As for abdominal ultrasonography, it is operator-dependent and is insensitive to mild steatosis[90]. When compared to this, Controlled Attenuation Parameter measurement by FibroScan can detect liver fat involving as little as 10% of the hepatocytes[91-93], thereby avoiding underreporting or missing cases. Various indices, such as FLI and hepatic steatosis index (HSI), have also been found useful in predicting hepatic steatosis. It has been shown that FLI < 30 can rule out hepatic steatosis with a sensitivity of 87% and a value of FLI ≥ 60 can help rule in hepatic steatosis with a specificity of 86%[77]. HSI, on the other hand, at values of < 30 or > 36.0, can rule out NAFLD with a sensitivity of 93.1% or detect NAFLD with a specificity of 92.4%, respectively[94].

Studies have also evaluated performance of other non-invasive scores such as aspartate aminotransferase (AST) to platelet ratio, FIB-4 and NFS that are used for evaluation of fibrosis while considering referral to hepatologist. Table 1 depicts a few of these non-invasive models that have been used for the evaluation of steatosis and fibrosis in patients of diabetes with NAFLD. In one study, FIB-4 and NFS models had a high negative predictive value (NPV) of 93.48% and 93.61%, respectively in patients with severe liver fibrosis (stages 3 and 4), thereby indicating that these models should actually only be used for excluding severe liver disease[95]. These scores also show lower specificity among older adults and lower accuracy in young adults[96]. It was found that the use of age-adjusted FIB-4 cut-offs can lead to appropriate referrals[97]. It was proposed that for those over the age of 65 years, a FIB-4 score of > 2.0 should be used as the cut-off for referral[96,98].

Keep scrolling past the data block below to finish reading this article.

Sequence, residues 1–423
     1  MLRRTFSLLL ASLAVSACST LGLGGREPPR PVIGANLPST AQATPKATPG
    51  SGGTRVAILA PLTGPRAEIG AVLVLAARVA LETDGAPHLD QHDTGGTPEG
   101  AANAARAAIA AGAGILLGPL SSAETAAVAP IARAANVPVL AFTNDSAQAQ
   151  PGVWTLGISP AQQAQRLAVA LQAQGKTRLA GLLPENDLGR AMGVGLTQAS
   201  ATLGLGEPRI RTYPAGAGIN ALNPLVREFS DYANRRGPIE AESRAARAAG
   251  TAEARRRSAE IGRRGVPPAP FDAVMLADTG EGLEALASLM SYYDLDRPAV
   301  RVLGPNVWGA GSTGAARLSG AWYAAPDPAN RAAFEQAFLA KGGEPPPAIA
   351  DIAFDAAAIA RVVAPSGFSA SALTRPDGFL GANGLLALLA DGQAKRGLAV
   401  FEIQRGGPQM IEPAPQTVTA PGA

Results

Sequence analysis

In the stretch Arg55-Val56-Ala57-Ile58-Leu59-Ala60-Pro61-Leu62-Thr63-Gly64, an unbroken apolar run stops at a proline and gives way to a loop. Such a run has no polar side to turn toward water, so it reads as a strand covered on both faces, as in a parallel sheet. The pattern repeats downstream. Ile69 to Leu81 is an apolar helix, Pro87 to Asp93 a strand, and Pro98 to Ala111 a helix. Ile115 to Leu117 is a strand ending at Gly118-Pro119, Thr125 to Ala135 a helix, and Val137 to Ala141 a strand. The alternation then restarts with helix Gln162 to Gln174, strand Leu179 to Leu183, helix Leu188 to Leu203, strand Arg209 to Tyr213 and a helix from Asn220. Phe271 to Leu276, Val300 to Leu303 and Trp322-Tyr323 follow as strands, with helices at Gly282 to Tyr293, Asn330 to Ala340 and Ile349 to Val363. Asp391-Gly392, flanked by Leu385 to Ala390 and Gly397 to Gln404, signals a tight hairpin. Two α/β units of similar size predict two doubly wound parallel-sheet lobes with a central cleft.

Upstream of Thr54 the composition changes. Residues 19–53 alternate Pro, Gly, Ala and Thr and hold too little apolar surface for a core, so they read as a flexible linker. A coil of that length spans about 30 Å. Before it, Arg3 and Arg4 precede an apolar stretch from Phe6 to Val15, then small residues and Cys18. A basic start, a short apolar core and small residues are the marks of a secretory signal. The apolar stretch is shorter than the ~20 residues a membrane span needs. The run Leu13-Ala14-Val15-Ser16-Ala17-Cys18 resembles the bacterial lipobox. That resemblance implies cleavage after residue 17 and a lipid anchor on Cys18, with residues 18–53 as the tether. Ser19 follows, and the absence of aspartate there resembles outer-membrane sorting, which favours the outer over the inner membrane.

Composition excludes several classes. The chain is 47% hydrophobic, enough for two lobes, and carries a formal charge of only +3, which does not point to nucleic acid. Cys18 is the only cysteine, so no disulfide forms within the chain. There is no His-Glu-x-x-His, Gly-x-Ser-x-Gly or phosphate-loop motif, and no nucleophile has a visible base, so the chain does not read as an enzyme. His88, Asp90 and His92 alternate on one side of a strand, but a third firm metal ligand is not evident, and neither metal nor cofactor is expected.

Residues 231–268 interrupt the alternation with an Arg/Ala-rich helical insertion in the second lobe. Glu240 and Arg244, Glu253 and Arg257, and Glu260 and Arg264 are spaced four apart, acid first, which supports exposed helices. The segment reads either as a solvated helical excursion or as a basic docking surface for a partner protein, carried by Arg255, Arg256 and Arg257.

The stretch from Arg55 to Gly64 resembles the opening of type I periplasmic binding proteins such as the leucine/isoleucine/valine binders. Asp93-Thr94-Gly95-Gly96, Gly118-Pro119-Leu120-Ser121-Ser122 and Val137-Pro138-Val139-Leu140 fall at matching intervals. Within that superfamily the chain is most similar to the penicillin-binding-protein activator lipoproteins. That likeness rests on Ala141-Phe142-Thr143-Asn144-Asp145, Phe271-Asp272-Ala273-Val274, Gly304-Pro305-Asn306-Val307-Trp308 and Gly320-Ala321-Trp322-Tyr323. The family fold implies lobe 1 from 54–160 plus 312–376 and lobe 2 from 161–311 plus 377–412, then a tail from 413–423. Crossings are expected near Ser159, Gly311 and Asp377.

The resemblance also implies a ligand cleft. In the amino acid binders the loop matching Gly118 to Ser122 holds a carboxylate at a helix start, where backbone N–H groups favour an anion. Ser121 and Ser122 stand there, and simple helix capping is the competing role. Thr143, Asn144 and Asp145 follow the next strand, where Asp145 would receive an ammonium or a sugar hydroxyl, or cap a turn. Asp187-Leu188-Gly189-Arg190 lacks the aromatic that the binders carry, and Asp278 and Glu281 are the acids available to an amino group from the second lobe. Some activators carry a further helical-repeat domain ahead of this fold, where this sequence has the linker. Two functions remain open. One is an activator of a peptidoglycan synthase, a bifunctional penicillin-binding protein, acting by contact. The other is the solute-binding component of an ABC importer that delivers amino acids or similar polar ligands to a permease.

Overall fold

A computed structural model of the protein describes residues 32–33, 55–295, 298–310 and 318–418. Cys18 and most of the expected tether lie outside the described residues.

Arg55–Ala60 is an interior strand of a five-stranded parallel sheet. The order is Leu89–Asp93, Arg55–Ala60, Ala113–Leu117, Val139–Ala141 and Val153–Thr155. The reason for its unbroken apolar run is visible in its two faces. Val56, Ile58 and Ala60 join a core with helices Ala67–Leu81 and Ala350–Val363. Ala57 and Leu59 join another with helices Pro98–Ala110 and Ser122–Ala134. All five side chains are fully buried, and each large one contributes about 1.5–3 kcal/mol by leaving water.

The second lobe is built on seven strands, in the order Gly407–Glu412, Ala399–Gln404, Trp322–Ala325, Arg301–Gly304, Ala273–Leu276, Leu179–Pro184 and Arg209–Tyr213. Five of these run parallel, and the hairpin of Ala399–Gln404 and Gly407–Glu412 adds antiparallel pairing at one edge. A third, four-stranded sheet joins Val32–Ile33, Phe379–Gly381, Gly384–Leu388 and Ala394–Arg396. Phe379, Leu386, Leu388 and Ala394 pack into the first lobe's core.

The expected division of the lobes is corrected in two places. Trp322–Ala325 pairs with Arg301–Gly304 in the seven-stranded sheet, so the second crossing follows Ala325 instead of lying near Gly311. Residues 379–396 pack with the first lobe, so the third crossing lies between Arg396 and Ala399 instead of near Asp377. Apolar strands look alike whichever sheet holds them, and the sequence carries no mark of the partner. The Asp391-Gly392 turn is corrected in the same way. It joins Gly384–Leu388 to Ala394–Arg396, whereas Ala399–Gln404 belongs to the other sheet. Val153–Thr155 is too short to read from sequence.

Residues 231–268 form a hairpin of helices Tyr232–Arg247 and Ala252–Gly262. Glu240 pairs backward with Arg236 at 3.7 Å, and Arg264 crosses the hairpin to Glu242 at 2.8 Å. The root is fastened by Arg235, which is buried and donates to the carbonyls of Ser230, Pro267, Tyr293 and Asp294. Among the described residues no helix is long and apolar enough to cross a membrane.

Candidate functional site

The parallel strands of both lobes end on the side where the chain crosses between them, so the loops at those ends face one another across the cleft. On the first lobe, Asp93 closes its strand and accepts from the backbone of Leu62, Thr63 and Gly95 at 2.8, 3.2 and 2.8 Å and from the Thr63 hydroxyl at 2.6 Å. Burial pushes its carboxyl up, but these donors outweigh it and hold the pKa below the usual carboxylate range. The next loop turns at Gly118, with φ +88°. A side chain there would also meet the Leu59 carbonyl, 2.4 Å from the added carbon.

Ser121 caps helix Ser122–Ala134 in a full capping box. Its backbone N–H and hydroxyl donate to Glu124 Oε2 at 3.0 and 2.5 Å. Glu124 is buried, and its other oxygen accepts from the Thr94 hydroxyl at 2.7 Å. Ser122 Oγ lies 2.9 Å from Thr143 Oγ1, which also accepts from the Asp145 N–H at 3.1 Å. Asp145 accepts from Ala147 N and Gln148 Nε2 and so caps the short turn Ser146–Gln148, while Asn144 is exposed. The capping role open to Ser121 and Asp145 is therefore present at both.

Table 1 Few available non-invasive models for evaluating steatosis and fibrosis in patients of diabetes with non-alcoholic fatty liver disease.
Index
Components
Cut-offs
Sensitivity, %
Specificity, %
Steatosis
FLI[77]WC, BMI, TG and GGT< 30 87.064.0
≥ 6061.086.0
HSI[94]AST, ALT, BMI, diabetes, female sex< 3093.139.6
> 3645.192.4
Fibrosis (stage 2, 3 or 4)
APRI[95]AST and platelet count0.51850.0089.19
FIB-4[95]Age, AST, ALT and platelet count1.74363.3394.59
NFS[95]Age, BMI, IFG and diabetes, AST-to-ALT ratio, platelet count and albumin-0.05450.0086.21

The NASH Council, in their study, proposed that a patient who has a FIB-4 score of > 1.3 be referred to a specialist and for those that have a score ≤ 1.3 undergo lifestyle intervention with their primary provider[97,99]. Indian researchers have found that among patients of NAFLD, a FIB-4 cut-off of 1.0 instead of 1.3, showed 100% sensitivity and 94.3% specificity to rule out any fibrosis (F0 vs F1-F4) validated vs MRE in a cohort of 239 NAFLD patients, thus leading to inclusion of patients with F2 fibrosis in the primary care referral pathway[100]. However, validation of this is needed in diabetics and a larger patient cohort is needed to be further evaluated[100].

Another study that derived data from NASH Clinical Research Network studies and included patients with biopsy-proven NAFLD with diabetes, proposed a different model for NASH evaluation[101]. The parameters included were White race, BMI, waist circumference, ALT, AST, albumin, HbA1c, HOMA-IR and ferritin[101]. The specificity, sensitivity, NPV and pars plana vitrectomy (PPV) were 90.0%, 56.8%, 47.7%, and 93.2%, respectively, and the model correctly classified 67% of patients as having NASH[101]. The researchers also proposed a model for predicting advanced fibrosis using the parameters- age, Hispanic ethnicity, BMI, waist-to-hip ratio, hypertension, ALT/AST ratio, alkaline phosphatase, isolated abnormal alkaline phosphatase, bilirubin (total and direct), globulin, albumin, serum insulin, hematocrit, international normalized ratio, and platelet count. The specificity, sensitivity, NPV, and PPV were 90.0%, 57%, 75.1%, and 80.2%, respectively, and the model correctly classified 76.6% of patients as having advanced fibrosis[101]. It was concluded that proposed model performed better than the NAFLD fibrosis score in detecting advanced fibrosis[101].